Some larger carriers are concerned about turning down business—agents turning down carriers’ business to go to a competitor. “Carriers have been reluctant to get on board because they feel like they’re giving up a source of differentiation,” Sircon’s Morrison says. “In the early days of Web sites, carriers created attractive, unique experiences through portals and agent contracting.” Now that most larger carriers provide portals, agents realize the playing field has almost leveled. They also have realized carriers are able to do business through a single interface, Morrison says, which they will start to demand. As a result, carriers will have to find another way to differentiate, whether through customer service or rates.

No matter a carrier’s size, another challenge, according to Yates, is getting backroom systems together. “The challenges we hear from carriers is that they have to deal with vendors differently, and it’s not always clear exactly how you implement an ACORD standard,” he says. “ACORD is gearing up to provide more support to vendors and carriers as to the proper implementation of their standards. ACORD is going to do regional carrier visits/sessions to help with implementation.”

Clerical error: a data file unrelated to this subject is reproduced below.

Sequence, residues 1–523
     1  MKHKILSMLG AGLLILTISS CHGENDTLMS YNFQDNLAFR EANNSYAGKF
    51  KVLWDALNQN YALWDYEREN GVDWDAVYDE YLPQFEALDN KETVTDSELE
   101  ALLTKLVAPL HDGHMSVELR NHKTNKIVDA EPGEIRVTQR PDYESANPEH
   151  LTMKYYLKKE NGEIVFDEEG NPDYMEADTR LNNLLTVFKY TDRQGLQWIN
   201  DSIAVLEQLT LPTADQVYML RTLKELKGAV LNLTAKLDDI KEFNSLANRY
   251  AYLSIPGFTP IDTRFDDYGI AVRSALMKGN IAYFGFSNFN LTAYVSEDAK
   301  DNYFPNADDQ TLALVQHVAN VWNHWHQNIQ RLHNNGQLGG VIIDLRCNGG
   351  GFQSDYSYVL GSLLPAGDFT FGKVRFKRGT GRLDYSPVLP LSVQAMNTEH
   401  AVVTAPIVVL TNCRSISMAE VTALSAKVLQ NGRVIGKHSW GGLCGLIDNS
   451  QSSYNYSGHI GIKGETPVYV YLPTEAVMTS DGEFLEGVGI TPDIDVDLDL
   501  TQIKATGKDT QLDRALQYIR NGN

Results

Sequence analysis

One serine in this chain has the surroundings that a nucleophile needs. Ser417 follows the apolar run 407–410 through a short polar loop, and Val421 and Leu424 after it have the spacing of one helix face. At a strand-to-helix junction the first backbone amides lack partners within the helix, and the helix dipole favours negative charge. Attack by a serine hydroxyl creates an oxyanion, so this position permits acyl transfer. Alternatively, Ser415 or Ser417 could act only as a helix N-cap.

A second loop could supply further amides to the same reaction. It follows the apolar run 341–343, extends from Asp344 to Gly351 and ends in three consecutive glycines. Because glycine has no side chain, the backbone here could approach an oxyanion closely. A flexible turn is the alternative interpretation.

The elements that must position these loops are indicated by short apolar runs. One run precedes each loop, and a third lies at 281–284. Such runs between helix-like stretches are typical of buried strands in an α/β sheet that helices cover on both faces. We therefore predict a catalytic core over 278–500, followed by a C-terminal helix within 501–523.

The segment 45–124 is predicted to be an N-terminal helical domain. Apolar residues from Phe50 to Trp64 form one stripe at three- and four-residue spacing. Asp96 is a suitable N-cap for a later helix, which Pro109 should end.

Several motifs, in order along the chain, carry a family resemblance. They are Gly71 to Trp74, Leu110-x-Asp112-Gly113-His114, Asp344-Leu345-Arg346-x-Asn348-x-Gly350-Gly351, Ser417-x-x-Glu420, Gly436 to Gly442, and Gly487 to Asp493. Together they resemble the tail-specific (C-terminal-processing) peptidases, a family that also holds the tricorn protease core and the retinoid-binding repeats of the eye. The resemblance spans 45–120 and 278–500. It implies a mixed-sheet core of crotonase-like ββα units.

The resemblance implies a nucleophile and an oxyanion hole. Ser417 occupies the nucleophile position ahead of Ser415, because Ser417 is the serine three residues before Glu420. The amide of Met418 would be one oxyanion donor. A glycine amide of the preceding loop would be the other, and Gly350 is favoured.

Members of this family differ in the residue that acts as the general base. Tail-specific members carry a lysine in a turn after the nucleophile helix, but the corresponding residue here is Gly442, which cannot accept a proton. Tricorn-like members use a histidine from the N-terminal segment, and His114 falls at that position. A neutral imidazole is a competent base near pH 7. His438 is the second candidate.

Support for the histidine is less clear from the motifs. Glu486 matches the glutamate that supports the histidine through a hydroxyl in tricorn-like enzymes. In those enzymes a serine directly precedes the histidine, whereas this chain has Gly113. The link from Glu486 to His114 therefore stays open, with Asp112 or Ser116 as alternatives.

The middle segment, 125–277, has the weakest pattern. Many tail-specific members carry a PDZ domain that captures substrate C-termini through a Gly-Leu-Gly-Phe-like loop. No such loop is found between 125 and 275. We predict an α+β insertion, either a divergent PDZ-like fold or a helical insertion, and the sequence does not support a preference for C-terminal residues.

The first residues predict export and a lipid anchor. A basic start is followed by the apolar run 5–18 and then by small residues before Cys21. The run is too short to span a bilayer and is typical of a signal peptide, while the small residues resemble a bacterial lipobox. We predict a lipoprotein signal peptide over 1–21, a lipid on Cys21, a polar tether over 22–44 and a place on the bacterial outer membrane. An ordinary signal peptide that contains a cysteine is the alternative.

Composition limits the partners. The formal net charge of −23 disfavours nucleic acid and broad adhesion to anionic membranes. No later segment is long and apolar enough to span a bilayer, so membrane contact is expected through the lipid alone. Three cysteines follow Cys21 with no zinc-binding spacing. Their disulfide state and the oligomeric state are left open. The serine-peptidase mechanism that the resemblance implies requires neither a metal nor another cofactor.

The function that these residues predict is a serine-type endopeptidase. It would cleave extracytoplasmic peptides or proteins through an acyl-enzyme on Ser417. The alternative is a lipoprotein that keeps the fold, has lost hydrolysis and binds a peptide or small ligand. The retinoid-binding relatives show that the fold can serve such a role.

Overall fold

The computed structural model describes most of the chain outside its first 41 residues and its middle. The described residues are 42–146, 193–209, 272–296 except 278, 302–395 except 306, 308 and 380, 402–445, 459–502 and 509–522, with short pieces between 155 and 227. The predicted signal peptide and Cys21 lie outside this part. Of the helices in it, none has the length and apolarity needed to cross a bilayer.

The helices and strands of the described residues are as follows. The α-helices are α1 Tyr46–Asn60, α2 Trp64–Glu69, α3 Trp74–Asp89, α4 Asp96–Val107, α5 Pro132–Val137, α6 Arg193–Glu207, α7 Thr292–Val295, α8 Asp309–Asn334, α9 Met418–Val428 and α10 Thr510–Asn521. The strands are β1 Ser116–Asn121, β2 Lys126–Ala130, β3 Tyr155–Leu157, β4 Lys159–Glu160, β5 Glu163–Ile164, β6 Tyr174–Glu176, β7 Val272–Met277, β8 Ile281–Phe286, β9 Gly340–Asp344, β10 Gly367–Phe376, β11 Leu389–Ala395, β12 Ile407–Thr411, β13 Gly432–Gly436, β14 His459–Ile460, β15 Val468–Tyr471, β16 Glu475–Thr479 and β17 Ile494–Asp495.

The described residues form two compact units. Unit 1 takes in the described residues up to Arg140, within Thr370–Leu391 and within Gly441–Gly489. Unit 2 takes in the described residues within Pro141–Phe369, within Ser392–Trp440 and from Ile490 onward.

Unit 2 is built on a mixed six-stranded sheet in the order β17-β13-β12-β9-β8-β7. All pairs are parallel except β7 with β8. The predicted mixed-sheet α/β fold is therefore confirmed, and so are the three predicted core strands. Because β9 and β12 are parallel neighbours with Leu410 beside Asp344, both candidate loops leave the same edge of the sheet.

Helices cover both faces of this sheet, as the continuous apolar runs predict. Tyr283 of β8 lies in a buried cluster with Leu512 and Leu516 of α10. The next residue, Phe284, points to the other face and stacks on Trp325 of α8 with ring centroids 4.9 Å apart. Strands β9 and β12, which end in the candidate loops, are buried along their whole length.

A STARTING POINT

Downloading may be the best place to start, as it completes the connectivity circle for agents using real time.

“Download becomes even more important in a real-time world because if you’re downloading the policy number from the carrier, it sets you up for real time more effectively,” Yates says. He has seen the most download adoption in personal lines. “Commercial lines has been slower—more complicated—lines of business. But some carriers are approaching 50% of their agents using commercial lines download now.”

Other areas are garnering attention. “We’re seeing a lot of interest in claims download, and that’s the first download that will be XML-based rather than AL3-based,” Yates says. “We’re starting to see more interest in activities and alerts, which are another real-time transaction in which the carrier can send a message — such as a pending cancellation or a claim has been filed—to an agent. Then the agency in their management system can direct it to go to a particular agency employee and then it goes to right into their activity.”

Regarding where interface technology is heading, “Upload is the next download,” Palzer said at the PIANY event. “Data should flow both ways between business partners to realize the full potential of agency-company interface.”